The COBACORE project is now finished. For further information, please contact Technical Coordinator Martijn Neef… https://t.co/ssLEI6IJiD
Members of the COBACORE Consortium met in European Union buildings in Dublin to discuss the progress of the project as it nears its last phase and final evaluation.
Paul Tilanus of TNO who is coordinator of the project reminded the group that the COBACORE platform is ‘to support a way of working’, and is not just about the software. He used the example of the aftermath of the 2013 floods in Germany, when volunteers were keen to help but made dangerous decisions due to a lack of collaboration with professionals – the issue that COBACORE is working to address.
Martijn Neef led a discussion around how the COBACORE platform would be most effective for use in the early to late phases of post-crisis recovery. He said that ‘there is a natural tendency for people to offer support’ in a crisis, and professionals can offer resources to volunteers but first they must know who the volunteers are. The COBACORE platform could offer a system for identification of volunteers and the verification by professionals of people who offer their help, improving the safety and speed of assistance.
‘The gamechanger in closing the collaboration gaps [between volunteers, victims and professionals] has been the use of social media and mobile technology’ he continued. They have been vital in the community-based approach to information management.
He discussed the adaptability and potential of the COBACORE platform. Government organisations, NGOs, universities and emergency response groups could all benefit from its features as a medium for information gathering and communication.
Conor Woods of Spatialest demonstrated the platform to the group, and talked about the evolution of the software since COBACORE commenced in 2013, and the planned improvements and refinements to the platform during the remainder of the project.
Kees van Dongen took us through the findings of the second Intermediate Evaluation (IMEV 2) session which was in the AKNZ Centre in Ahrweiler, Germany on 12 -13 May. Emergency services groups from Germany and the Netherlands were involved in a role-play scenario to test the effectiveness of the platform in speeding up recovery from an earthquake. Members of the German and Netherlands Red Cross who are central partners within the COBACORE project were an important part of the exercise and were in Dublin to give us their perspective on the event.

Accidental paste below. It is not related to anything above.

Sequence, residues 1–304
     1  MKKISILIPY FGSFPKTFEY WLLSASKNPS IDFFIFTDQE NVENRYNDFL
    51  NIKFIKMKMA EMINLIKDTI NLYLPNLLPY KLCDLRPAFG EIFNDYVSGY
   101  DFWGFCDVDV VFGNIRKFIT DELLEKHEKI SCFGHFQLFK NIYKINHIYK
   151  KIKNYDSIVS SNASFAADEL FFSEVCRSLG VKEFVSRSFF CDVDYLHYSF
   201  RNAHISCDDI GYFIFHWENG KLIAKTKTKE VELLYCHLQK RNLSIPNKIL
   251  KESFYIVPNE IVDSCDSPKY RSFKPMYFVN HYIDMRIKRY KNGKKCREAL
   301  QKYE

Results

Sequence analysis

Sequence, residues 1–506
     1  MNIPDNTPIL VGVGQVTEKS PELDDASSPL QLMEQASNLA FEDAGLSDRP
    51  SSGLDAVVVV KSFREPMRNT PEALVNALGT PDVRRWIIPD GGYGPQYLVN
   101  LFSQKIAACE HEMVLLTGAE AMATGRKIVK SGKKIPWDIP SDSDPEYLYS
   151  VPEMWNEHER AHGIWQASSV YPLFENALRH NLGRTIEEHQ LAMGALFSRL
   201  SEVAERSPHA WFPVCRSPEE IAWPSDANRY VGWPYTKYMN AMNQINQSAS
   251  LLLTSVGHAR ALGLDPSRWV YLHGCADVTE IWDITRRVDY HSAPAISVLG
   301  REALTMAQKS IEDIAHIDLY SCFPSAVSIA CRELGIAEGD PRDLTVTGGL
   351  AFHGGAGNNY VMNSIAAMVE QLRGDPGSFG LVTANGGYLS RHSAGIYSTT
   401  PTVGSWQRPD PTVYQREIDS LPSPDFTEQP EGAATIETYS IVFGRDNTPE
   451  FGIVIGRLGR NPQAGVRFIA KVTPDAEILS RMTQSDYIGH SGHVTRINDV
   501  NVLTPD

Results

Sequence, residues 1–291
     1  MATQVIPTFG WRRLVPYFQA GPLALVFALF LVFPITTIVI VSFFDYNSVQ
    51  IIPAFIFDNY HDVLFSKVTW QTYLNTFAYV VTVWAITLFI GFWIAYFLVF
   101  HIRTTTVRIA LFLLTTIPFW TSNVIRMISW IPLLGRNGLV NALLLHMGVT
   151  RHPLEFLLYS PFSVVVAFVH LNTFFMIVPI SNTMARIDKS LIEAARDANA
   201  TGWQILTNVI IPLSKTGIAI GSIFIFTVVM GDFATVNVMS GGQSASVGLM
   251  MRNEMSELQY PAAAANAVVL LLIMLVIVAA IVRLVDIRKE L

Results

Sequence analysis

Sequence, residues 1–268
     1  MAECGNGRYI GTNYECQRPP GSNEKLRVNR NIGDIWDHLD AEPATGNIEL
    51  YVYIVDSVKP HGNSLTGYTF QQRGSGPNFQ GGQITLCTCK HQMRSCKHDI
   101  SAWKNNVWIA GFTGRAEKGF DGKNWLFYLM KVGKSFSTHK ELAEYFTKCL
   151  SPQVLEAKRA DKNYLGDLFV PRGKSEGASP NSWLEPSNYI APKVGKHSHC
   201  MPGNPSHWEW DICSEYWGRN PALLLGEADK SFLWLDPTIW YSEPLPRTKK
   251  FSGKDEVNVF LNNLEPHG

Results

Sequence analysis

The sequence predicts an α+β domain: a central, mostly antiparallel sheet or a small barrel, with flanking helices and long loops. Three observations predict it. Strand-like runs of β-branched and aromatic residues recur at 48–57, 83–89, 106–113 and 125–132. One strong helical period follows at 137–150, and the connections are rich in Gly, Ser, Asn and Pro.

Stephen Purcell of FAC discussed the ongoing dissemination of COBACORE, and what will happen once the project is finished through an agreed exploitation strategy. He outlined how the opportunities and issues for each of the partners may differ depending on their own background and area of expertise and the group discussed the development of a roadmap in this respect.
Martin Haran of the University of Ulster started Thursday’s session with an update about the semantic matching system of the platform. He pointed out that needs must be prioritised on the platform by a weighting or ranking system to develop a more robust matching process. Currently the same importance is given to the need for a taxi as the need for urgent medical attention. It’s about situational awareness and understanding.
COBACORE’s new platform features were demonstrated by Francisco Fornes of Integrasys and Conor Woods. The format and objectives of the upcoming final evaluation of the project – part of its planned evaluation cycle – was discussed amongst the group.
On the last day of the meeting, the consortium members discussed the practicalities of the platform – what essential features it needed and how that would best fit with the expectations of the Final Evaluation (FINEV) participants and consequently end users.
Questions such as how people and needs would be verified by professionals, the role of community liaison teams and the digital angels who would be online to ensure that the capacities and needs were matched effectively were talked through.
COBACORE’s capability as a communication and information-gathering medium make it adaptable for the needs of different organisations. It has the potential to be used in many ways, for example as a teaching or training tool or for commercial use in managing large events.
Ultimately, how the platform, ideas and methodologies of the project are harnessed will depend on how the end users interpret and adapt the product.